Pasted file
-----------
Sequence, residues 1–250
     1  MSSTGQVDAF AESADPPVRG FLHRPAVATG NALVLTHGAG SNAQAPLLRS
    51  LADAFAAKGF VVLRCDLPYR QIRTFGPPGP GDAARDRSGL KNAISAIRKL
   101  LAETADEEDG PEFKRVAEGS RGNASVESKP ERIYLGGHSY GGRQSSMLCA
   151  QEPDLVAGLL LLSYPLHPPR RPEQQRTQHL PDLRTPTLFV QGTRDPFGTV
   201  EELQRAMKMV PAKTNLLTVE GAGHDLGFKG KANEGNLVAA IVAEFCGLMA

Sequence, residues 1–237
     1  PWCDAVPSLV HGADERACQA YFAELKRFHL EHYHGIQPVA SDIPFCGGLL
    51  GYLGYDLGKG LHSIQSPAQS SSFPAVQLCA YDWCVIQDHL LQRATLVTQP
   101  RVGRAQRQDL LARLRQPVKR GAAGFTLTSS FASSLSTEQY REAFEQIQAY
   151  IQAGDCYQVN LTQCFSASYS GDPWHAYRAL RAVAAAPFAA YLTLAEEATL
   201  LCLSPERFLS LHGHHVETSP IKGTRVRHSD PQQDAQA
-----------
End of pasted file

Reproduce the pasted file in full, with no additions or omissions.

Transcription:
Sequence, residues 1–250
     1  MSSTGQVDAF AESADPPVRG FLHRPAVATG NALVLTHGAG SNAQAPLLRS
    51  LADAFAAKGF VVLRCDLPYR QIRTFGPPGP GDAARDRSGL KNAISAIRKL
   101  LAETADEEDG PEFKRVAEGS RGNASVESKP ERIYLGGHSY GGRQSSMLCA
   151  QEPDLVAGLL LLSYPLHPPR RPEQQRTQHL PDLRTPTLFV QGTRDPFGTV
   201  EELQRAMKMV PAKTNLLTVE GAGHDLGFKG KANEGNLVAA IVAEFCGLMA

Sequence, residues 1–237
     1  PWCDAVPSLV HGADERACQA YFAELKRFHL EHYHGIQPVA SDIPFCGGLL
    51  GYLGYDLGKG LHSIQSPAQS SSFPAVQLCA YDWCVIQDHL LQRATLVTQP
   101  RVGRAQRQDL LARLRQPVKR GAAGFTLTSS FASSLSTEQY REAFEQIQAY
   151  IQAGDCYQVN LTQCFSASYS GDPWHAYRAL RAVAAAPFAA YLTLAEEATL
   201  LCLSPERFLS LHGHHVETSP IKGTRVRHSD PQQDAQA